Foreign institutional investors are persistently selling Indian equities for the past few months. As per NSDL website, up to February 9, FIIs have sold equities worth ₹41,000 crore. The heavy selling in the first 40 days of the year indicate FIIs are not in a mood to remain invested in the overvalued Indian market.

For the record, Indian markets are currently trading at a heavy premium to emerging markets. MSCI India's one-year forward PE is currently at 24x versus 13x for MSCI Emerging Markets, implying a premium of 88%. This premium is on the higher side versus the historical average of 46%, says Amish Shah, head of India Research, Bank of America Securities.

Harendra Kumar, managing director at Elara Securities India, says FIIs are logically looking to take back some of the profits as India is now relatively expensive in relation to other emerging markets.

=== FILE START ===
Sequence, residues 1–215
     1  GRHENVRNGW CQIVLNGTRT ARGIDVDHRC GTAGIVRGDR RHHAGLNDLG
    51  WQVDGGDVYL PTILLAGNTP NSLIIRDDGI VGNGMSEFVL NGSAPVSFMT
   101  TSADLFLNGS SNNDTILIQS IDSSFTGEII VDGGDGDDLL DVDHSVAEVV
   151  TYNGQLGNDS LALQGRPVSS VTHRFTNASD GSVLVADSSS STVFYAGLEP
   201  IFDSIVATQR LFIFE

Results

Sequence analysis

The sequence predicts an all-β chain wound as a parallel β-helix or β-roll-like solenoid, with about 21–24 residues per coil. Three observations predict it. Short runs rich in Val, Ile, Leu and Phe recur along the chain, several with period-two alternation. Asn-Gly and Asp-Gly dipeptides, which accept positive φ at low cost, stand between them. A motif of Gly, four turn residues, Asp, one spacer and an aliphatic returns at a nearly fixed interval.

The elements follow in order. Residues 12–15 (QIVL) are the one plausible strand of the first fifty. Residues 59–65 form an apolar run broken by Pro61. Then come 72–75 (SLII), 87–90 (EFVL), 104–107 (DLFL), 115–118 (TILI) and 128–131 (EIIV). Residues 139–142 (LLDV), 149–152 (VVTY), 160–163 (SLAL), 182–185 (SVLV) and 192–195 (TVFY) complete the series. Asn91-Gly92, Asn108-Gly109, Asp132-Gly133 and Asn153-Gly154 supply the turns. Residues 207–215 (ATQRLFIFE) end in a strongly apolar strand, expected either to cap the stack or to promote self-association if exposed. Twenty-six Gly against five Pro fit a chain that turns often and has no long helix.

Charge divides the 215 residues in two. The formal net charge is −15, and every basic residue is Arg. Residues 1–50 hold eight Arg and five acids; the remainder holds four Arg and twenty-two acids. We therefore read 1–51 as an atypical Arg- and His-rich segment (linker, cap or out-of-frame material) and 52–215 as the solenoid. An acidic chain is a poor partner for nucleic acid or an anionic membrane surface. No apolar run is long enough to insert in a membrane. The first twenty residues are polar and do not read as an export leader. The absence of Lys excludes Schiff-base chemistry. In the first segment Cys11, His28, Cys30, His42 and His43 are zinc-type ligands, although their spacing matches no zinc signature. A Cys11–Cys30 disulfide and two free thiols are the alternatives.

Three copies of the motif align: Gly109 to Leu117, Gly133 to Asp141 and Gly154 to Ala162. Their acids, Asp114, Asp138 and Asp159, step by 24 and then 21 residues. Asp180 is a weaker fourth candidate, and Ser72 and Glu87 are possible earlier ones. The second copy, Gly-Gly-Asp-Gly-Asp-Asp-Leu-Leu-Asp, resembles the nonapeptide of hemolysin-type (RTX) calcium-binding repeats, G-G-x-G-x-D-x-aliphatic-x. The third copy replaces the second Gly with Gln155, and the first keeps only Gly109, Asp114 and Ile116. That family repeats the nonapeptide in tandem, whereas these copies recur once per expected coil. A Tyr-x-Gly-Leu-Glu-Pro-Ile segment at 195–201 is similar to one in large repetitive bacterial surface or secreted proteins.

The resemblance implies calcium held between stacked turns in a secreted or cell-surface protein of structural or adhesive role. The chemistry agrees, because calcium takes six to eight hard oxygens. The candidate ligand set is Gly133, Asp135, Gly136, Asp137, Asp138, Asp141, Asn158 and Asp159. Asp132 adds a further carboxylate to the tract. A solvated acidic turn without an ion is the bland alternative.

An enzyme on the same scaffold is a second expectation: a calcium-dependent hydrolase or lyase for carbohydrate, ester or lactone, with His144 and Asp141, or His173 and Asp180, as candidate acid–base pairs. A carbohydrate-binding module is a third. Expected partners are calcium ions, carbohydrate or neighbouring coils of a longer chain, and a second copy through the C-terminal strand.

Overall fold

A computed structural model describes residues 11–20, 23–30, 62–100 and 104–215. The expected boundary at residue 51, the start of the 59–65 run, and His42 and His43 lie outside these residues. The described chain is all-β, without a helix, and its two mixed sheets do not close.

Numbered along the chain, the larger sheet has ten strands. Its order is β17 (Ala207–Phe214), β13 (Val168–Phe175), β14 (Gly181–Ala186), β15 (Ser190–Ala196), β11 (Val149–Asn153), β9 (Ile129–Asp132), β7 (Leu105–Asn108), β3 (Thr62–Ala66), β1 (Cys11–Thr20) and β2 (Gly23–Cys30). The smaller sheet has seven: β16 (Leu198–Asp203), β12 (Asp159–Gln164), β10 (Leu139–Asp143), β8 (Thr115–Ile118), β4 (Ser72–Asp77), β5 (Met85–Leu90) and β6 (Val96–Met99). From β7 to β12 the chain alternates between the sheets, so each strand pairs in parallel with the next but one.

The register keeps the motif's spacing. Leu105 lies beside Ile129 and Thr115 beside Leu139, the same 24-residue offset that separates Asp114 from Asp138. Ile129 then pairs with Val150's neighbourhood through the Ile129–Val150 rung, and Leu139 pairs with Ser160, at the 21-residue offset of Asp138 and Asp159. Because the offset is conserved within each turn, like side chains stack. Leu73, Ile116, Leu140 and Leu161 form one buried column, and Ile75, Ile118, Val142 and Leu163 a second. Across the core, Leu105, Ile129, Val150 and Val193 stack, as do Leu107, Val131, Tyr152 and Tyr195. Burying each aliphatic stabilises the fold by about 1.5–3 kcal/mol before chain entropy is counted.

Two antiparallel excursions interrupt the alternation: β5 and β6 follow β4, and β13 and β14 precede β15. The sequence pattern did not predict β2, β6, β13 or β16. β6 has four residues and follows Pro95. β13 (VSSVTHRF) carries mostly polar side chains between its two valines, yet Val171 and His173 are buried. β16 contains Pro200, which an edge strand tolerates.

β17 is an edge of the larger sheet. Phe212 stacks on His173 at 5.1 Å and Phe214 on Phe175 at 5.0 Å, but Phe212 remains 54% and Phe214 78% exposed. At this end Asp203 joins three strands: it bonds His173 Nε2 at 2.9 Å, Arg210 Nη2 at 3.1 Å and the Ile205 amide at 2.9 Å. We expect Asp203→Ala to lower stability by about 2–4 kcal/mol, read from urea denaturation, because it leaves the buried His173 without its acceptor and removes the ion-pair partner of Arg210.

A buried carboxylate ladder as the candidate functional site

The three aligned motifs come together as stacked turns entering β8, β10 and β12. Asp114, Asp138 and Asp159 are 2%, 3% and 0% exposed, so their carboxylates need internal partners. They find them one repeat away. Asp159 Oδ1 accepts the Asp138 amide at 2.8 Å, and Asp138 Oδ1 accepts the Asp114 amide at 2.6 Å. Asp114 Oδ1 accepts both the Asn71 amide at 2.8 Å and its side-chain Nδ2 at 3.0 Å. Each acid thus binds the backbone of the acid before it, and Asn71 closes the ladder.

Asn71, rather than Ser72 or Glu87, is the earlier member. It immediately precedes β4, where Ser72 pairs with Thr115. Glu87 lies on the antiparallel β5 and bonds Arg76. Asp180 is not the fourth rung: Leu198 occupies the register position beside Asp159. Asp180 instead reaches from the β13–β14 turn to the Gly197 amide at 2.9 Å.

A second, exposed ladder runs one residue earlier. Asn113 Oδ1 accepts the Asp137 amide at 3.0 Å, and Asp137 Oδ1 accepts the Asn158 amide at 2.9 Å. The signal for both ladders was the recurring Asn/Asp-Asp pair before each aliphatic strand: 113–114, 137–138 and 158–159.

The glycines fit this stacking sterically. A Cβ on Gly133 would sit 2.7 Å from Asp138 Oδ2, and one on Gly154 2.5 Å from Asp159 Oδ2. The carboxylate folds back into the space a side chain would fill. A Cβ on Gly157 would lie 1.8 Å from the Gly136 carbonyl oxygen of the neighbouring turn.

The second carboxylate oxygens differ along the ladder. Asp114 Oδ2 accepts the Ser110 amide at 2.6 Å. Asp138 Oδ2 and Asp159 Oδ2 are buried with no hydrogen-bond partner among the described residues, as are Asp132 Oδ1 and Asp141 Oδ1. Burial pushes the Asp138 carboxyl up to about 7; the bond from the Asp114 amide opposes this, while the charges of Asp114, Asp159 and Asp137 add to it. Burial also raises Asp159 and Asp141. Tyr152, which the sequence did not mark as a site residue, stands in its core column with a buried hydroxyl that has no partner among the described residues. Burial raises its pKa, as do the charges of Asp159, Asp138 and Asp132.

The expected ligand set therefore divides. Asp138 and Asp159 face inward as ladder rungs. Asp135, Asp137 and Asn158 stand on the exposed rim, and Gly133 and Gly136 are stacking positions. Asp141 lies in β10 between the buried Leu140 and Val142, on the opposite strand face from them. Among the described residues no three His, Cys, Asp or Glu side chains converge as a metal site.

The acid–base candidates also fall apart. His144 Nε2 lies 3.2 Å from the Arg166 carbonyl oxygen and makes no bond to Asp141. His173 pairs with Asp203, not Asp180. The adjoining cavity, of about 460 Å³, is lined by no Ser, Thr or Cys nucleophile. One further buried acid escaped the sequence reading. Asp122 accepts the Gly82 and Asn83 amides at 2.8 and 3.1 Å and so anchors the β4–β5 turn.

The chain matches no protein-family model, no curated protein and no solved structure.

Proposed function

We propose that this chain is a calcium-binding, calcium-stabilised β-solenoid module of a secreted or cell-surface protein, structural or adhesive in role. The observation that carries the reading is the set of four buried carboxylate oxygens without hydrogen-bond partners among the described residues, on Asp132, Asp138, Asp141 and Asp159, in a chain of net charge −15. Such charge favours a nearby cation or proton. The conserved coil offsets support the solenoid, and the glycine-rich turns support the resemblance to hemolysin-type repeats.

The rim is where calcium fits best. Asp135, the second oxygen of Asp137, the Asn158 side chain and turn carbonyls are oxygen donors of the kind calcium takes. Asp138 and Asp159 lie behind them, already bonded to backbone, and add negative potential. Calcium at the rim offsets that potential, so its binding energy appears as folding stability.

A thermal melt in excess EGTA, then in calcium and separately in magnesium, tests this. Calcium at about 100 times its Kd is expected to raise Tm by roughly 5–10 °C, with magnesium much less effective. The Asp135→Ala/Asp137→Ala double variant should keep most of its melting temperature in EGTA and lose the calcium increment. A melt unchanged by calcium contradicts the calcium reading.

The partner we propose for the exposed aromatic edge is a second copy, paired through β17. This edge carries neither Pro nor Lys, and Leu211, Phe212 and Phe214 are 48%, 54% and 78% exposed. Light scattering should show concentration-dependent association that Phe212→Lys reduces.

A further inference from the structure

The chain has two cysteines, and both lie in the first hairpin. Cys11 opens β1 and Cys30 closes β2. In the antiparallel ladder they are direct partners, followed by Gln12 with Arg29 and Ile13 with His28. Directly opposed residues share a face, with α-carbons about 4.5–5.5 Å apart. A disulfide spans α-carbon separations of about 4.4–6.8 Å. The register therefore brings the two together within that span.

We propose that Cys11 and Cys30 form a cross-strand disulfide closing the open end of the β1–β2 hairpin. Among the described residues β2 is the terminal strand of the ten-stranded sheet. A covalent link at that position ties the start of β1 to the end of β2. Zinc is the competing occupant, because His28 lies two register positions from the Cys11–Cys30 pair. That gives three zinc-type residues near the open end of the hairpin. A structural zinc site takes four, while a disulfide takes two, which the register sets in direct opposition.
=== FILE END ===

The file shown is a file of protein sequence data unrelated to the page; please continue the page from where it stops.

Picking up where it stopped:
Reflecting the selling trend, FIIs ownership has dipped 50 basis points in December 2021 to 19.9% of NSE 500 companies. Between 2015 and 2021, FIIs ownership has hovered between 21% and 23%, informs Amish Shah.

What FIIs expect from LIC?

The US 10-year yield is above 2%. The Federal Reserve is on the path of raising interest rates. India's 10-year benchmark yield is around 6.75%. LIC being part of a sovereign is expected to give a return over and above what sovereign bond is yielding.

Accounting for currency hedging cost and impact cost, FIIs are looking for around 7% to 8% post tax return in dollar terms from LIC, says a market veteran on the condition of anonymity. As per the Greed and Fear report by Jefferies, rupee depreciated by around 1.7% against dollar in 2021. Such depreciation would also challenge any optimistic expectations return from LIC.

How much return LIC may garner in the first year of its listing would decide its subsequent dilution, he adds. Long term money committed by foreign pension and sovereign funds could only be possible if LIC management could chart a path to show how the company would provide 9%-10% returns to these funds.